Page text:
IRS postpones additional filing and payment dates until July 15, 2020
In late March, the IRS Notice 2020-18 postponed all federal income tax payments and income tax returns that were due April 15, 2020, to July 15, 2020. This included, among others, Forms 1040, 1041, and 1120, plus estimated tax payments. Later, Notice 2020-20 generally expanded this relief to include certain gift and estate tax returns and payments.
Now the IRS has released Notice 2020-23, which further expands upon the relief provided in those notices, generally postponing until July 15, 2020, all tax returns, forms, attachments to forms (including elections), and tax payments (including Section 965 tax payments) that were due on or after April 1, 2020, and before July 15, 2020, including those on extension.
Some notable additions that were not covered by prior IRS guidance include:
- Filing a claim for credit or refund of any tax
- Form 990
- Form 4466 (C corp application for quick refund of estimated tax)
- International Forms (5471, 5472, 8858, and 8865)
- Quarter 2 estimates (generally due June 15, 2020)
- Trust & Estate Forms (5227, 3520, 1041, 8855, 706 series, 8971 and 2553 (QSST/ESBT))
The Notice specifically lists most returns and forms that have been postponed and provides the following language (emphasis added):
“The Secretary of the Treasury has also determined that any person performing a time-sensitive action listed in either Section 301.7508A-1(c)(1)(iv) – (vi) of the Procedure and Administration Regulations or Revenue Procedure 2018-58, 2018-50 IRB 990 (December 10, 2018), which is due to be performed on or after April 1, 2020, and before July 15, 2020 (Specified Time-Sensitive Action), is an Affected Taxpayer.”
Rev. Proc. 2018-58 contains an extensive list of elections, forms, and other “time-sensitive acts,” including extending, until July 15, both (a) the 45- and 180-day rules for Section 1031 exchanges and (b) the 180-day rule for investment in a qualified opportunity zone fund.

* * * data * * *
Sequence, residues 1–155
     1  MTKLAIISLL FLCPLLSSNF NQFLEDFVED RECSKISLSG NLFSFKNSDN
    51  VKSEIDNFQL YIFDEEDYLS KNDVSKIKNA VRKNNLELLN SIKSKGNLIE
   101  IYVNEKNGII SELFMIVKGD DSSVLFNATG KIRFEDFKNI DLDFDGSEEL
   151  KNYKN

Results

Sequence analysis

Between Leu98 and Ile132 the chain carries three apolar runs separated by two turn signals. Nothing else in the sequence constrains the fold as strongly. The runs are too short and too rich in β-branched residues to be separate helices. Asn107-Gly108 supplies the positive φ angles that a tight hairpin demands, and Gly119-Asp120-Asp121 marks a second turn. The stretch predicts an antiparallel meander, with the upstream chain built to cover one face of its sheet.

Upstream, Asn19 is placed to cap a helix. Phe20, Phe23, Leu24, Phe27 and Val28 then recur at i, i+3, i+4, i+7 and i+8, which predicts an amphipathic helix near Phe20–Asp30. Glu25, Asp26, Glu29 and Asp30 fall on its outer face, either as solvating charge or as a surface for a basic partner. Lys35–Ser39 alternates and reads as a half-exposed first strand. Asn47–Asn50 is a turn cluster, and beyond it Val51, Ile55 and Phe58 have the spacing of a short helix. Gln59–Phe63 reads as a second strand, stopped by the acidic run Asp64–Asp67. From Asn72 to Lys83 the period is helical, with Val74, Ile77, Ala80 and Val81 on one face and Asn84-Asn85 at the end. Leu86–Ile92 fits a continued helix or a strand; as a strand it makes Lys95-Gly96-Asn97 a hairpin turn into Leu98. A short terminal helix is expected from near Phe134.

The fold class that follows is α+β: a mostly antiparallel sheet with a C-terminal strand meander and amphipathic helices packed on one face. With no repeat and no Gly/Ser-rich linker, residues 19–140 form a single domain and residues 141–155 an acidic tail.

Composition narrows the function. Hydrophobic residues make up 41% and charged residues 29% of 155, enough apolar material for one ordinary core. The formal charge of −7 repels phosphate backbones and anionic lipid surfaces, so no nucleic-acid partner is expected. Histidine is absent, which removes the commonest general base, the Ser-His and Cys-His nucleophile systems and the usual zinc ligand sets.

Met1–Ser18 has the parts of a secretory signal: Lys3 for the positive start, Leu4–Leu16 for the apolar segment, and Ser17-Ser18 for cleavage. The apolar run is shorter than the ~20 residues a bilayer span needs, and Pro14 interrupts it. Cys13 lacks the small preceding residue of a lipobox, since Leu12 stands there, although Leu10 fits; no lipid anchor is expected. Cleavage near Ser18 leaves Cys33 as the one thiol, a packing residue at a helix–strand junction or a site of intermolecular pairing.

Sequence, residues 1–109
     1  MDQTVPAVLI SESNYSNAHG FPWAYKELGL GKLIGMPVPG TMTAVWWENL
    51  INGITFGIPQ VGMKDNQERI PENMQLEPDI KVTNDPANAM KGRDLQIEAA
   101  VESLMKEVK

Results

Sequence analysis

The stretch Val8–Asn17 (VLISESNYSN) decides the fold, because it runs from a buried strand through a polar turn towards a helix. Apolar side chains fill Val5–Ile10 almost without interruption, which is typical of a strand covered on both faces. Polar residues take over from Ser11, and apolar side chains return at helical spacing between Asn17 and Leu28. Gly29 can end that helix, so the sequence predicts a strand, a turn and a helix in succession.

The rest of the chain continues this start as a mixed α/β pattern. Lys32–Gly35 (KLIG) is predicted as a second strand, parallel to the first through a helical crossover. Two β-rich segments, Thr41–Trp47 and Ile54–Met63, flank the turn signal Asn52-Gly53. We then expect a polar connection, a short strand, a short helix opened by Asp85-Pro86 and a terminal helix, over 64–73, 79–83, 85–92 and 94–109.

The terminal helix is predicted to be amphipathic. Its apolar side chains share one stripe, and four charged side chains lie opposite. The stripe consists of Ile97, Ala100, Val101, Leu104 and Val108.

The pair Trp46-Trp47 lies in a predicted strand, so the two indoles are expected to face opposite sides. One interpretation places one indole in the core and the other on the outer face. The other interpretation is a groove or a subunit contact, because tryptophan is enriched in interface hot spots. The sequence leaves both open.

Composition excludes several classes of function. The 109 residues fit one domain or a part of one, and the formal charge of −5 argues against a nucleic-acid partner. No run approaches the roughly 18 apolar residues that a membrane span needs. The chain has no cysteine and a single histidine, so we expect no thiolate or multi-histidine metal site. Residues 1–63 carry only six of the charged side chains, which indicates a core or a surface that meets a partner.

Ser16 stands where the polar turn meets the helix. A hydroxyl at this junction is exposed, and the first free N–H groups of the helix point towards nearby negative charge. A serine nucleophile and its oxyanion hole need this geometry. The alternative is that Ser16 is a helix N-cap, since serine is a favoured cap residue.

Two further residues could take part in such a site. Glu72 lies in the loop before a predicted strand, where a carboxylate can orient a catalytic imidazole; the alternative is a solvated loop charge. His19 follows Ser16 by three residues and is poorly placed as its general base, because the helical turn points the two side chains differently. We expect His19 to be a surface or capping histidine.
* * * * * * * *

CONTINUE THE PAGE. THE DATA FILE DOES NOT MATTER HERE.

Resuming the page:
The Notice also defines “time-sensitive actions” to include activities set forth in Regulation Sections 301-7508-1(c)(1)(iv)-(vi), including filing a petition with the Tax Court and filing a claim or bringing suit for a credit or refund.
Any advice contained in this communication, including attachments and enclosures, is not intended as a thorough, in-depth analysis of specific issues. Nor is it sufficient to avoid tax-related penalties. This has been prepared for information purposes and general guidance only and does not constitute professional advice. You should not act upon the information contained in this publication without obtaining specific professional advice specific to, among other things, your individual facts, circumstances and jurisdiction. No representation or warranty (express or implied) is made as to the accuracy or completeness of the information contained in this publication, and CohnReznick LLP, its partners, employees and agents accept no liability, and disclaim all responsibility, for the consequences of you or anyone else acting, or refraining to act, in reliance on the information contained in this publication or for any decision based on it.
Coronavirus Resource Center
InsightLast call for New Jersey’s 2022 Technology Business Tax Certificate Transfer (NOL) ProgramScott Hamilton, Jessie Cahill, Scott IbbotsonNew Jersey’s NOL Program is closing soon with the deadline to submit applications by June 30, 2022. Learn more.
Insight10 Questions: Your retirement accountsDana FriedWhat are 2022’s contribution limits? Have you considered all IRA types? Are you on top of RMDs? Read our insights and advice on these questions and more.
InsightTexas Supreme Court clarifies proper method of sourcing franchise tax receipts from servicesJohn Iannotti, Lance RothenbergRead what the Texas Supreme Court said in this case on how to properly source receipts from services while apportioning income and determining tax liabilities.
InsightNew Jersey updates guidance on tax treatment of virtual currencyLance Rothenberg, Harry GolematisTechnical Bulletin TAM-2015-1(R) covers corporation business tax, gross income tax, and sales and use tax for currencies like Bitcoin. Read more.
InsightCalifornia grants one year reprieve on tax basis capital account reportingKrista Schipp